Read, read, read. Read everything—trash, classics, good and bad, and see how they do it. Just like a carpenter who works as an apprentice and studies the master. Read! You’ll absorb it. Then write. If it is good, you’ll find out. If it’s not, throw it out the window. – William Faulkner

"If you’re stuck in a reading rut like me, try pushing yourself to try a new genre or writing style now and then." per Ms Cooper.

4. Walk Away and Take Notes
 To get more out of the books you are reading you should be taking breaks from them and taking notes about what you have read.

Believe it or not, it helps test your comprehension and your brain's ability to assimilate what it's read.  

"Mary Gordon wrote about how copying sections from books and taking notes on what she’s read helps inspire her own words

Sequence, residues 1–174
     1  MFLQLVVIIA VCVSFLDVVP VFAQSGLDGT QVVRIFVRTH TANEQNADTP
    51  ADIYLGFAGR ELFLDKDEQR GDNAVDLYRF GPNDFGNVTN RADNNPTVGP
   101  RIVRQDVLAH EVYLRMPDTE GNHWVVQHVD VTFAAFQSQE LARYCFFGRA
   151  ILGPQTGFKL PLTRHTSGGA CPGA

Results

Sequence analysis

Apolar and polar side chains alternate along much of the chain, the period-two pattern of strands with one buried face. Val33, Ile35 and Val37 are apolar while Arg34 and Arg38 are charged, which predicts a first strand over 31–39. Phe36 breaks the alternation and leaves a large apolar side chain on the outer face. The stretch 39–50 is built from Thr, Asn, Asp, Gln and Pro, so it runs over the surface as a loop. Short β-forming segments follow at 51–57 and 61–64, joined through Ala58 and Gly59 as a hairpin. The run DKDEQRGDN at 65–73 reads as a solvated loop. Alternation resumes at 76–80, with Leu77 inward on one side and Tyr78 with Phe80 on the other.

Before I take pen to paper, I read. I can’t begin my day reading fiction; I need the more intimate tone of letters and journals. From these journals and letters—the horse’s mouth—I copy something that has taken my fancy, some exemplum or casual observation I take as advice. These usually go into the Swedish journal, except for the occasional sentence that shimmers on its own, and then it goes into the handmade Vermonter.
I move to Proust; three pages read in English, the same three in French. In my Proust notebook I write down whatever it is I’ve made of those dense and demanding sentences. Then I turn to my journal, where I feel free to write whatever narcissistic nonsense comes into my head."

5. Fight Back

This is what Ms. Cooper says, "Finding something you care about is worth cherishing. If you want to rant against the author’s premise or post a rebuttal to their argument, go for it. This will make your brain work really hard, as you analyze their ideas and form your own in response."

What do you think? Did Ms. Cooper hit the nail on the head? I think so.

And as Paul Graham said, “writing doesn’t just communicate ideas; it generates them. So get reading, get writing, and watch the ideas start flowing!

So, what do you think of all this?